By Greg Ellison
(Jan. 7, 2021) An outpouring of last-minute donations saved the day for four children who are being raised by their grandmother and weren’t going to receive Christmas gifts this year because of tight finances.
The family’s plight came to light after contacting members of the Community Church at Ocean Pines and parishioner Larry Walton, who reached out to Colby Phillips on Dec. 22 to inquire about providing yuletide cheer.
“He asked if I had any toys leftover,” she said.
Phillips, who was involved in numerous charitable efforts this holiday season, assured Walton a number of people had made contact in hopes of lending aid for those still in need this Christmas.
“A lot of times people want to help but they don’t know where to start … or where to go,” she said.
Phillips, who helped found the Facebook page Local Help for You Worcester County, put out a social media alert the following day seeking assistance.
“Within hours I had almost $1,000,” she said. “It was unbelievable.”
Dozens of concerned souls jumped on board after learning about the grandmother who could assure a visit from Santa. Donations came in the form of toys and cash donations made through Venmo, a mobile payment service owned by PayPal.
“I gave out my Venmo because a lot of people want to help but they can’t get to the store or don’t feel comfortable going to the store with covid,” she said.
With the clock ticking and Christmas quickly approaching, Phillips enlisted help from her daughter, Sadie Kauffman, who also obtained assistance from three friends: Delaney and Addison McDaniel and Brooke Fitzgerald, who are all freshman classmates at Stephen Decatur High School.
“The girls and I were willing to go do the shopping,” she said.
In addition to having enough money to buy gifts for two boys, ages one and five, and two girls, ages seven and nine, a gift card was purchased with the remaining donations to help the grandmother defray costs for raising the children.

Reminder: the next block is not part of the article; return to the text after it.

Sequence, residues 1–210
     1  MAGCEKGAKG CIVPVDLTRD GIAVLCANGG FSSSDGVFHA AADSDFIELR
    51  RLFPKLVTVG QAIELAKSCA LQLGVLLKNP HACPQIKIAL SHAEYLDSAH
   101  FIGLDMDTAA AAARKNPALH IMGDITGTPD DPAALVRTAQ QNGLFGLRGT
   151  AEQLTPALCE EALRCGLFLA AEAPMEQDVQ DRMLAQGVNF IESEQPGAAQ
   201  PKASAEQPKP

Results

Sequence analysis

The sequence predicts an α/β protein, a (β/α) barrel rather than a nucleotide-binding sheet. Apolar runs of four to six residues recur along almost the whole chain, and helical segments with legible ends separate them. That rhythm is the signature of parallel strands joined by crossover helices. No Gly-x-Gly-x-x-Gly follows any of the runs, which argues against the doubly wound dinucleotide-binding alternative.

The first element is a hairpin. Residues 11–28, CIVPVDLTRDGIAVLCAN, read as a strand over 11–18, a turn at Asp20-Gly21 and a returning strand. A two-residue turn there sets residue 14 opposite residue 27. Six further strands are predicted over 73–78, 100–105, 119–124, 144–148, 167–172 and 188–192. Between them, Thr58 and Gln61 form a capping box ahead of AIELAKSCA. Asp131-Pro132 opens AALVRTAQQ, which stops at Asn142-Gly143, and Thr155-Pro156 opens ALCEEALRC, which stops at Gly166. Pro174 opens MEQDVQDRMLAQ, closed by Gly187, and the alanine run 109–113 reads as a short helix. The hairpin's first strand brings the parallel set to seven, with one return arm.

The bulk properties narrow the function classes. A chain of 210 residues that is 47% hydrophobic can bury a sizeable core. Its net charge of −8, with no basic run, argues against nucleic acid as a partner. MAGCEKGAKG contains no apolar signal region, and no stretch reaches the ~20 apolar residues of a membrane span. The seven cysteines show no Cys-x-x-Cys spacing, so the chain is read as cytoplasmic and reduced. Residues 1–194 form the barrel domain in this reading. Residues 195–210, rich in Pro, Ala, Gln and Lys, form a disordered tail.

“We had a lot of fun picking out the toys,” she said. “I don’t get to buy toys anymore so it was fun for me.”
One of the primary requests from the family was for cold weather gear.
Phillips said that need was almost instantly responded to by Skip and Sandra Schlesinger.
“Anytime we have families in need, they’re very quick to act,” she said. “They immediately went out and got all the kids coats, hats and PJ’s.”
Phillips said upwards of 40 people tagged on the social media post were fast to lend aid.
“Within 24 hours we were able to provide for that … it was overwhelming,” she said.
Phillips said the display of community kindness was had an effect on her daughter and friends who helped purchase and wrap the gifts delivered by Santa.
“They were my elves in Santa’s workshop,” she said. “They spent 2-3 hours wrapping.”
Sadie Kauffman said witnessing the rapid community response was an eye-opening experience.
“It’s important because you need to make sure everybody has what they need and [are] happy,” she said. “It felt good giving to other people.”
Delaney McDaniel concurred with that perspective.
“I always volunteer,” she said. “I always enjoy it and it makes me feel good to help other people.”
Phillips said answering a call for help is generally a powerful experience.
“The biggest reward is what you get in giving and the smile on their face,” she said. “That’s our purpose in life … to do for others.”
While the financial backing offered was tangible, Phillips was quick to note that people who cannot afford to donate can still lend support in other forms.
“Praying for people that are in need is also a way that you can contribute,” she said. “It doesn’t have to be material.”